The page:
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You Can Learn to Be a Magician

I’m always being asked how I learned magic. Usually this is asked out of pure curiosity. On occasion it’s asked because someone wants to learn as well, and they want to know the path I’ve taken. For the former I tend to make up elaborate stories, for fun. For instance, an owl once dropped a letter through my mail slot… Then I tell them the cold dull truth: I read a lot. I practiced a lot. Then I read more and practiced more.

For the latter, people who have the desire to learn magic themselves, I point them in a few different directions, depending on what they think will work best for them. I’ve written about this elsewhere on the site, but not from this viewpoint. So here are the key directions I tend to point people towards. First, take a look at the internet and see what tutorials you can find there. Here’s a hint: You’ll find many. This really is a great place to start but don’t get carried away. The important thing to know, and I can’t stress this enough, is that videos and instructions you find online are great to get you started, but will completely backfire once you want to advance.

This means you can learn a basic coin vanish, but don’t start learning complicated or advanced routines and moves. Simply put: online instructions stink for this! Now, even I’ve posted instructional videos, but they are targeted at beginners. Most of the advanced instruction you find online is put together haphazardly by people that don’t really understand what they’re doing, let alone how to teach it. The other place to start is in your library or bookstore. Pickup a copy of a magic book, such as Mark Wilson’s Course in Magic, that are geared toward beginners. The things in these books are usually quite practical and involve tricks and theories that professionals put into use.

Explore this learning material. Then learn. And practice. And try. And repeat! You’ll soon have a few effects mastered, but more importantly, you’ll have a sense of what kind of magic you like. Now you know what direction to take for your big steps ahead.

If you live in a big city, you may have a magic shop there that you can visit. Go. Talk to the people behind the counter. Tell what you’ve been learning. Tell them what you like. They’ll easily be able to guide you from there.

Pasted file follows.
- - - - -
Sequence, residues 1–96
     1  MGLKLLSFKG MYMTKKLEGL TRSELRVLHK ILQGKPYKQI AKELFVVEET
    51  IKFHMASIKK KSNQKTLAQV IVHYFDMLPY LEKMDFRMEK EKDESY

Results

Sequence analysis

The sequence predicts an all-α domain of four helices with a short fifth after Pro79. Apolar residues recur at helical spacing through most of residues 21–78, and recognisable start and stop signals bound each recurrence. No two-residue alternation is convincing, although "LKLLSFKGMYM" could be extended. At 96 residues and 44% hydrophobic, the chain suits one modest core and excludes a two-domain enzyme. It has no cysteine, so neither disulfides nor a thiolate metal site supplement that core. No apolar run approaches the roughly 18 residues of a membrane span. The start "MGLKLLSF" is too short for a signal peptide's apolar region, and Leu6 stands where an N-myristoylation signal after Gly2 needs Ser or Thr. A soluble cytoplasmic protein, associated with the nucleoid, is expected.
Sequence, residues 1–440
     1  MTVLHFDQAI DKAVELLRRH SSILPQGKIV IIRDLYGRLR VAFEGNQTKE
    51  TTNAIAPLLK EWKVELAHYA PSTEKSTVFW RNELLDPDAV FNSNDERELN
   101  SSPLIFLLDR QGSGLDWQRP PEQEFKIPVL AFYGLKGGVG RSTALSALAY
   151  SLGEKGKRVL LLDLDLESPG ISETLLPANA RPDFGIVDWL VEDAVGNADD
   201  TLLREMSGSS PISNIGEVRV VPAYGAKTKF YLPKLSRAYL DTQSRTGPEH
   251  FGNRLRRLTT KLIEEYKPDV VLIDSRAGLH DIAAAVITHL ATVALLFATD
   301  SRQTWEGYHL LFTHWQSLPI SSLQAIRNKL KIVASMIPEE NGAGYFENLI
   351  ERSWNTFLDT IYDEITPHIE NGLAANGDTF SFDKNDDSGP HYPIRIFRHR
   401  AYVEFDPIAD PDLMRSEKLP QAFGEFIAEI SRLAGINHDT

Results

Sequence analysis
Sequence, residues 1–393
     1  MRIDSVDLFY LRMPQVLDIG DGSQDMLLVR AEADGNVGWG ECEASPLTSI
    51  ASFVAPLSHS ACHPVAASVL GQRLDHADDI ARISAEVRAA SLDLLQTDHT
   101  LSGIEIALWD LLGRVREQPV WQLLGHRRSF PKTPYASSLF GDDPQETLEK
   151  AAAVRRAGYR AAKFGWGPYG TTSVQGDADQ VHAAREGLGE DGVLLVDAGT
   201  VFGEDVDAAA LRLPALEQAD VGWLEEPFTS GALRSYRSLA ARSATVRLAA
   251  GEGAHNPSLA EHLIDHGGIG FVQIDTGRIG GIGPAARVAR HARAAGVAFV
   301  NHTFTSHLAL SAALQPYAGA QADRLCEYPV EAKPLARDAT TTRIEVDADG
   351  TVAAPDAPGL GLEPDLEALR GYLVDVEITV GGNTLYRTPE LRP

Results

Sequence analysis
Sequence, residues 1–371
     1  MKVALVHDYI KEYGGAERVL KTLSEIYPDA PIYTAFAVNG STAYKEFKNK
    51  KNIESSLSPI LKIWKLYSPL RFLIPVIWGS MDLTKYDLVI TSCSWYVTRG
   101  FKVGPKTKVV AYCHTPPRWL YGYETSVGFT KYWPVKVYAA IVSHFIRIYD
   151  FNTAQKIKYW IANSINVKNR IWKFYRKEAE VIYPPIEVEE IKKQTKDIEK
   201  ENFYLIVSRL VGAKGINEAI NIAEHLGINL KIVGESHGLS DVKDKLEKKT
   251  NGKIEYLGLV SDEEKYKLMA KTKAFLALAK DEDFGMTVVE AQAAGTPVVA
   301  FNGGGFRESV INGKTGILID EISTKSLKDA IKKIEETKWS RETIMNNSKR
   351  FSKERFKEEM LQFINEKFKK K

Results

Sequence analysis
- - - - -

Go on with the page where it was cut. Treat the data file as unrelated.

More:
If you don’t live in a big city, hit up some online magic stores. Frankly, these aren’t exactly the busiest retail places on earth, so you can even email them questions about what you should learn next… and they’ll probably reply!

When you do this, the trick is not to get caught up in the store-bought magic tricks. Get some of these, of course. For instance, an “Invisible Deck” if you like card magic, or “Hopping Half” if you like coin magicians. These will work wonders for you with a little practice.

These props will also keep you motivated as you do the real learning. That learning will come from books and DVDs. The magic shops will offer books your local bookstore couldn’t get if they tried. These are books and videos made specifically for magicians and to be sold in magic shops. This is where you’ll find advanced material to learn, and where you’ll really start discovering some of the big secrets.

Remember though, through all of this, respect the magicians that came before you. Centuries of thinking has gone into what are now standard magic tricks. Don’t perform them for your friends until you can do it well. Don’t start spilling secrets left and right. You owe this to your teachers, whether these be authors or magicians you actually know. Besides, you’ll get a lot more out of your new skills when you keep the mystery alive.

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